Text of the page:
The effective connection between cellular tissues and technological platforms is crucial for the success of many bionic applications as neural prostheses and hybrids for studying information processing in neuronal networks. Moreover, the recent attention for disposable, low-cost and reliable cell-to-chip interface systems for high-throughput in-vitro toxicity assays and pharmacology is becoming an urgent request because of the new international regulatory test guidelines (both in Europe and USA). Therefore, engineering the so-called bio-electronic interface is the subject of many technological and basic/applied researches. Specifically related to the cell (neuronal)-electronic interface, two different kinds of devices have been extensively used over the past thirty years, namely microelectrodes arrays (MEAs)1,2 and field effect devices3,4,5,6. More recently, organic semiconductors have attracted a considerable interest in this field7,8,9 because they have the potential to fulfill many critical requirements for biomedical and biotechnological applications such as biological compatibility, mechanical flexibility and optical transparency. Moreover, devices based on organic semiconductors can be fabricated on flexible low-cost plastic substrates, with micrometric resolution, over large areas and using cost-efficient technologies. All these features could allow addressing a wide variety of novel applications ranging from in-vitro to in-vivo cell biology and addressing unsolved problems of mechanical adaptability (e.g., high density flexible transducers on catheters) or of multi-parameters analysis on a micro-scale (e.g., disposable and sensorized smart-petri dish). So far, in addition to passive electrodes made of organic conductive polymers10, organic electrochemical transistors (OECTs) have been mainly proposed11,12 because of their ability to conduct ionic and electronic charges and to be operated in liquid at very low voltages, which represents a crucial requirement in presence of living cells or tissues. Organic Thin Film Transistors (OTFTs) have not yet been employed so far to this aim for two main reasons: 1) they usually need to be operated at relatively high voltages (usually tens of volts); 2) charge carrier mobility in organic semiconductors is orders of magnitude smaller than what generally measured in their standard inorganic counterparts, putting a serious limit on the frequency range of the electrical signals that might be applied as input for organic amplifiers. A very recent attempt has been done13 but, as a matter of fact, the organic transistor employed in the reported experiments is always operated in the off-state and therefore, this cannot be described as an actual amplifying transducer for the cell activity.

In the following, we will present an optimized device, based on an organic thin film transistor that is able to: i) be operated at ultra-low voltages (0.5–2 V); ii) amplify signals in the frequency range of cell electrical activity (10–1000 Hz); iii) work without any external reference electrode. This important feature is possible thanks to the presence of a second gate that acts as a reference for the transistors, as further explained later on in the text. In addition, as the sensing area is separated from the active channel of the device, this new architecture allows avoiding several other drawbacks related to the measurement of signals in liquid environments by means of organic devices, such as, for instance, the poor stability of organic semiconductors when exposed to moisture and oxygen.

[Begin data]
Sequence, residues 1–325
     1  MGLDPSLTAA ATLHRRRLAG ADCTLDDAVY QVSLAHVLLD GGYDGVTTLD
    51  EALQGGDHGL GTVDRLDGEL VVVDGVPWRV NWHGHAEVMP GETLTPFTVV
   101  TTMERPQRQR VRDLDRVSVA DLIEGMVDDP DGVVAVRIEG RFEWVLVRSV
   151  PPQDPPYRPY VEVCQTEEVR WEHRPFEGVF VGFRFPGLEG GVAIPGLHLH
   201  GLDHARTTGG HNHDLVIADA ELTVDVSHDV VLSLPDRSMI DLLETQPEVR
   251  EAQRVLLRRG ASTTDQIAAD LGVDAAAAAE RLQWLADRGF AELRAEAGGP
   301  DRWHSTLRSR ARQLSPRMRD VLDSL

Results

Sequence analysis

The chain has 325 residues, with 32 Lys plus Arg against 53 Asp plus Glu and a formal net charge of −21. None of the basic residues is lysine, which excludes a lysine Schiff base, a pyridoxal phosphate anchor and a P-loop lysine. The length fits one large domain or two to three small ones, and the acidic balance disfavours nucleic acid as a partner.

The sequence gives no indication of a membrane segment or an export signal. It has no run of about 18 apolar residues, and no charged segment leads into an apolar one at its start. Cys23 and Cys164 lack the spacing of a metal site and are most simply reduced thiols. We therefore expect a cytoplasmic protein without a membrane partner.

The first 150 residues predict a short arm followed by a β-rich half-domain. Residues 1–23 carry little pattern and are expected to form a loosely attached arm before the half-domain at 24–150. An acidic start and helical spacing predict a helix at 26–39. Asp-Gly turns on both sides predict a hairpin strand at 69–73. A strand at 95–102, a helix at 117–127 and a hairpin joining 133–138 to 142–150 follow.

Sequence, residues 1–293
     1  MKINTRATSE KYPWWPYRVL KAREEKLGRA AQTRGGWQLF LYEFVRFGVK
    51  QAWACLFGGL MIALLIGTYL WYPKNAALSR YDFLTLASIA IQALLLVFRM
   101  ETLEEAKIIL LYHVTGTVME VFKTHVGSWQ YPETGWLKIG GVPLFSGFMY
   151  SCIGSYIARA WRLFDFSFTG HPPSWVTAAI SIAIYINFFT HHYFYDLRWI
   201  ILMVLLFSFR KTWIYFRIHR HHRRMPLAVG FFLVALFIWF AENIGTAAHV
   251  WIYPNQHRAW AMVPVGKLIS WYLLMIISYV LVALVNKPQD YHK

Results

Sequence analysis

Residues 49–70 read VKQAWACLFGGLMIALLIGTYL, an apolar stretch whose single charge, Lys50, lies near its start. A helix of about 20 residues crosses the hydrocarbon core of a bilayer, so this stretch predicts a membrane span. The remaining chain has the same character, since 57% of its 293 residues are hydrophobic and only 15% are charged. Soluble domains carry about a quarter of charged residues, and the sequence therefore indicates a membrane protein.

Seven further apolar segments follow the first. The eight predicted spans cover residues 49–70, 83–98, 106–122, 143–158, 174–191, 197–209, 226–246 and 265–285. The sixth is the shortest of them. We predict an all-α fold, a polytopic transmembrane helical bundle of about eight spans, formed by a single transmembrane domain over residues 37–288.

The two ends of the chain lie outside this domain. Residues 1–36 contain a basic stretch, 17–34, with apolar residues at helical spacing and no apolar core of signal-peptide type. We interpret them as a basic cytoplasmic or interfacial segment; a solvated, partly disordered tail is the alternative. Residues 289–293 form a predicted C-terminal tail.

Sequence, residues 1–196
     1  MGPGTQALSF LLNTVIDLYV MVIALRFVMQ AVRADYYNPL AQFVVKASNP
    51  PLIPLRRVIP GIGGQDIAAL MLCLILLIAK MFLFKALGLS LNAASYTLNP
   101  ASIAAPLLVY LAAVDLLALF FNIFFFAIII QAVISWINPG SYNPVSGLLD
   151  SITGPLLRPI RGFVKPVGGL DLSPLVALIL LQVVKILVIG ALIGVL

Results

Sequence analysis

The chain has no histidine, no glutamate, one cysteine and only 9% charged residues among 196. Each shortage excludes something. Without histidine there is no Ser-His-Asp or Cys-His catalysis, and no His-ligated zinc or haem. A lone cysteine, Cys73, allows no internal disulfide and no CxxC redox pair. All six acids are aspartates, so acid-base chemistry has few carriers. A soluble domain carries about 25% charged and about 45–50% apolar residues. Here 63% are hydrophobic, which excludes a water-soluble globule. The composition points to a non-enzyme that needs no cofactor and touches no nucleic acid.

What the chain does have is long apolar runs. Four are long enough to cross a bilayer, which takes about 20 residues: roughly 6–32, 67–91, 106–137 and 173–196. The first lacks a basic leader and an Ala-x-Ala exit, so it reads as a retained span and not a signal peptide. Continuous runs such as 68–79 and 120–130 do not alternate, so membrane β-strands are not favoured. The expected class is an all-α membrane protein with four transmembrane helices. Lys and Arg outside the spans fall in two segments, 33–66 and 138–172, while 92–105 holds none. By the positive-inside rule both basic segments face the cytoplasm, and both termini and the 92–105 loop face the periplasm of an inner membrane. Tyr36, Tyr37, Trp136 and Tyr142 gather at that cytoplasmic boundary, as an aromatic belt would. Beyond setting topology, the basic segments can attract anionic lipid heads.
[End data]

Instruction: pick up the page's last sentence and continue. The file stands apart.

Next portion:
The basic device constituting the array, named Organic Charge-Modulated Field Effect Transistor (OCMFET), is a floating gate OTFT (Fig. 1a), whose working point is set by means of a control capacitor (Fig. 1b). A portion of the floating gate, called sensing area, on which cells are cultured, is exposed, as a direct interface, to the surrounding bio-electro-chemical environment. In particular, ionic charge variations occurring in the close proximity of the sensing area determine a charge separation in the floating gate, leading in turn to a modulation of the charge carrier density inside the channel of the transistor (Fig. 1c).

Figure 1
figure 1

Working principle of the OCMFET.

(a), Cross section of an OCMFET device. (b), The working point is set by applying appropriate VGS and VDS. (c), The charge fluctuation over the sensing area determines a charge re-distribution inside the floating gate, which modulates the charge carriers density inside the channel of the transistor. As a result, a variation of the output current is obtained.

In fact, the potential of the floating gate depends on the voltage VCG applied to the control gate, on the voltage VDS, on the capacitances present in the structure and on the charge Q0 entrapped in the floating gate due to the fabrication process, as described in the following expression:

Considering all the terms as constants, apart from the charge QSENSE, the field effect modulation can therefore be described in terms of a threshold voltage shift of the device:

being QSENSE the charge coupled to the sensing area and CTOT = CCF + CSF + CDF the sum of all the capacitances of the structure (i.e. the control capacitor CCF and the parasitic components due to the superposition between floating gate and the metal contacts lying on the opposite side of the dielectric layer, CSF and CDF). The modulation of the threshold voltage through the charge QSENSE is the mechanism that can be employed for sensing all those chemical and biological reactions that determine a variation of charge onto or in a close proximity of the sensing area. In particular, a similar device has been successfully employed for pH sensing14 and as DNA hybridization sensor, both in organic15 and CMOS16 technology.